The Discovery of Fullerenes Mark as Favorite (2 Favorites)
LESSON PLAN in Elements, Interdisciplinary, History, Dimensional Analysis, Measurements, Scientific Notation, Molecular Structure , SI Units. Last updated August 26, 2022.
In this lesson, students will learn about a class of compounds called fullerenes through a reading about their discovery. Metric conversions, organic chemistry, and allotropes are all touched on in this lesson. There are a series of activities to help promote literacy in the science classroom related to the reading. This lesson could be easily used as plans for a substitute teacher, as most of the activities are self-guided.
This lesson will help prepare your students to meet the performance expectations in the following standards:
- HS-PS2-6: Communicate scientific and technical information about why the molecular-level structure is important in the functioning of designed materials.
- Scientific and Engineering Practices:
- Constructing Explanations and Designing Solutions
- Engaging in Argument from Evidence
- Obtaining, Evaluating, and Communicating Information
By the end of this lesson, students should be able to:
- Understand what an allotrope is.
- Realize the structural integrity behind all-carbon molecules.
- Recognize real-life applications of the importance of metric units.
This lesson supports students’ understanding of:
- Metric Conversions
- Dimensional Analysis
- Scientific Notation
- Organic Chemistry
- Molecular Structure
Teacher Preparation: 10 minutes
Lesson: Approximate times for students to complete each activity in the lesson:
- Reading: 20 minutes
- Measurement Activity: 25–30 minutes
- Timeline: 20–30 minutes
- Elements that Come Together: 15–20 minutes
- Allotropes of Carbon: 15–20 minutes
- Building Buckyballs: 30–40 minutes
- Reading document and any lessons that accompany it that you want to include.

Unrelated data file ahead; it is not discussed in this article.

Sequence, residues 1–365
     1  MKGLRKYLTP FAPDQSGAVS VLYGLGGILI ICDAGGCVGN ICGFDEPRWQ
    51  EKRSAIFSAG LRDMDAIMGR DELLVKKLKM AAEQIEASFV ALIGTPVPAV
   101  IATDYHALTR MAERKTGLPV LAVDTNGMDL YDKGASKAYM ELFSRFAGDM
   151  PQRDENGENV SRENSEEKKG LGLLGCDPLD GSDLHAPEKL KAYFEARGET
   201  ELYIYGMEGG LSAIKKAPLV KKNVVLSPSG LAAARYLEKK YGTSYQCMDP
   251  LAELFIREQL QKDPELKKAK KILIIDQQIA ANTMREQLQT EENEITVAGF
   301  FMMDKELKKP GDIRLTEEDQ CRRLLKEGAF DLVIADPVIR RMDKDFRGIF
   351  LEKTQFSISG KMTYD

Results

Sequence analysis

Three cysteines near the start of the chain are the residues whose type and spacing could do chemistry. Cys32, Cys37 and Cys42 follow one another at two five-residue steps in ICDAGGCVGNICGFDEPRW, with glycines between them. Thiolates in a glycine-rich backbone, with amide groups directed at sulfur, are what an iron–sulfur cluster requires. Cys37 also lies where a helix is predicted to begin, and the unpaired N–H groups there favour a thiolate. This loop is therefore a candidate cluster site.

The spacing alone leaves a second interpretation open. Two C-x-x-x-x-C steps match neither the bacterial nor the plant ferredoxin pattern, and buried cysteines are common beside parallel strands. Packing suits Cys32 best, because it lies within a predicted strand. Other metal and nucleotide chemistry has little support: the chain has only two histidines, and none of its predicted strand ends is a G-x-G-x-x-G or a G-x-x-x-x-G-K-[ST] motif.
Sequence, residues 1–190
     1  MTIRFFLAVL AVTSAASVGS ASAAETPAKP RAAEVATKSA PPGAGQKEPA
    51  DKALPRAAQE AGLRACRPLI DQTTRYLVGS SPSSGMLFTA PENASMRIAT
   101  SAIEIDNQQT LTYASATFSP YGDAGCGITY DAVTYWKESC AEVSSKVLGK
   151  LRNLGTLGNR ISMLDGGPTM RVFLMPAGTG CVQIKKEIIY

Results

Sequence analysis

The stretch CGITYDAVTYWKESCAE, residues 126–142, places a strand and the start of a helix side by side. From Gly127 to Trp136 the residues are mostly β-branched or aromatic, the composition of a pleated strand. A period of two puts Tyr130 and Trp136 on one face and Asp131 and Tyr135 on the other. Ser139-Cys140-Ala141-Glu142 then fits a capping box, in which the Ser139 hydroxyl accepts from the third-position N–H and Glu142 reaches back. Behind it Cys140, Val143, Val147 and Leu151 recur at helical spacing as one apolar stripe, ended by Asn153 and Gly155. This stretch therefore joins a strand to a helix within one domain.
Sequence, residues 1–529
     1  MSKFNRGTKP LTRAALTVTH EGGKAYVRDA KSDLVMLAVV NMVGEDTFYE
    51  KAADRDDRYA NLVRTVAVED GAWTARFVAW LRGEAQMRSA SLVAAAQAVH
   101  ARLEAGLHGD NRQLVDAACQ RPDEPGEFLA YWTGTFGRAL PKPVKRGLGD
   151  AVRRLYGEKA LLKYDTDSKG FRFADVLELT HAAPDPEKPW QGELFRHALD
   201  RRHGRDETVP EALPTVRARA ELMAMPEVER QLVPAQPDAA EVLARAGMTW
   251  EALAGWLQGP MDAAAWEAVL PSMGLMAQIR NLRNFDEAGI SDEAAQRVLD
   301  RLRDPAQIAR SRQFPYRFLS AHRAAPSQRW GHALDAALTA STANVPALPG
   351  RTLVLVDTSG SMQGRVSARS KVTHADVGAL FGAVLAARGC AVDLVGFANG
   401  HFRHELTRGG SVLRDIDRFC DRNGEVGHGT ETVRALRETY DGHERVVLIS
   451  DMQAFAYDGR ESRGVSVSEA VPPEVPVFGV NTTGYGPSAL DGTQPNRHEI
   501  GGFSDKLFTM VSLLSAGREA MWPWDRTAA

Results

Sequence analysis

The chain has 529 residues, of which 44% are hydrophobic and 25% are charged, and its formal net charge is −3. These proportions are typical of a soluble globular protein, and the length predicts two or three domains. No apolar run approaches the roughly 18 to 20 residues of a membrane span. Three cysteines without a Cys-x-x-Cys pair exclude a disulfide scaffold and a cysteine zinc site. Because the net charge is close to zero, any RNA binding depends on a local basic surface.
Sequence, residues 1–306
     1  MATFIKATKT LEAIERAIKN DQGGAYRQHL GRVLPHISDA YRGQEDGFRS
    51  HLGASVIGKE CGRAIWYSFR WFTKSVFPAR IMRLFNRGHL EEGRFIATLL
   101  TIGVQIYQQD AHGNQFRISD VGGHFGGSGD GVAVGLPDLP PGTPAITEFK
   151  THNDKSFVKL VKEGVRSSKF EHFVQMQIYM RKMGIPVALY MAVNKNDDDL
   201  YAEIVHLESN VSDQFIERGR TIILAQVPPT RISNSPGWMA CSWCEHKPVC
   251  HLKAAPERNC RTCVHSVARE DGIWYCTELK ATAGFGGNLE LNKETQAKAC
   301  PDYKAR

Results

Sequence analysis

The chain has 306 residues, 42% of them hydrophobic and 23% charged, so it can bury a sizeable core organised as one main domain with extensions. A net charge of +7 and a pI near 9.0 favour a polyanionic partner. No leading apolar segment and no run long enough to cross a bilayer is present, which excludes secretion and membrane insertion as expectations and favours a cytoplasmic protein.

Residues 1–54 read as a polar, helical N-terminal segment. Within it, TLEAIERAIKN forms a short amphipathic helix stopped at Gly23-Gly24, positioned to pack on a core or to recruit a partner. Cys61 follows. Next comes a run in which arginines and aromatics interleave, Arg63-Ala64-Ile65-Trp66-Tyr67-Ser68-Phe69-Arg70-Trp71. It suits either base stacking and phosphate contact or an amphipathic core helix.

- Card stock
- No specific safety precautions need to be observed for this activity
- This lesson plan was originally developed through the American Chemical Society’s National Historic Chemical Landmarks Program. Under this program, ACS grants Landmark status to seminal achievements in the history of the chemical sciences and provides a record of their contributions to chemistry and society in the United States.
The lesson includes multiple components as outlined individually below. The Reading is essential for all of the activities. Teachers can choose to do one or all of the included activities. Student handouts and corresponding answer keys are provided for each item described below:
- Reading: The Discovery of Fullerenes
- Activity: Measurement Activity
- Students develop familiarity with commonly used measurement prefixes and relate their meanings to word equivalents, decimal equivalents, and powers of ten. Explore the relationships of prefix magnitudes and relate their uses to familiar objects.
- Activity: Timeline
- Analyze a sequence of events that show how architectural inspiration, scientific collaboration, and serendipitous observation played a role in the discovery of fullerenes.
Elements that Come Together
- Learn the diatomic elements and practice writing their formulas. Explore the concepts of allotropes.
- Activity: Allotropes of Carbon
- Compare properties of different allotropes of carbon (graphite, diamond, fullerenes, and nanotubes) and relate the differences in their properties to their molecular structures.
- Activity: Building Buckyballs
- Construct a cardstock model of C60 and use it to observe and answer questions about its structure. This activity is suitable for individual or group work.
- Related classroom resources from the AACT library that may be used to further teach this topic:
- Project: Problem Solving with Materials
- Lesson Plan: What is Chemistry?
- Lesson Plan: Engineering a Vehicle
- Other useful links:
- National Historic Chemical Landmark: Discovery of Fullerenes
- ChemMatters video: Nanotechnology’s Big Impact
- ChemMatters video: Graphene: The Next Wonder Material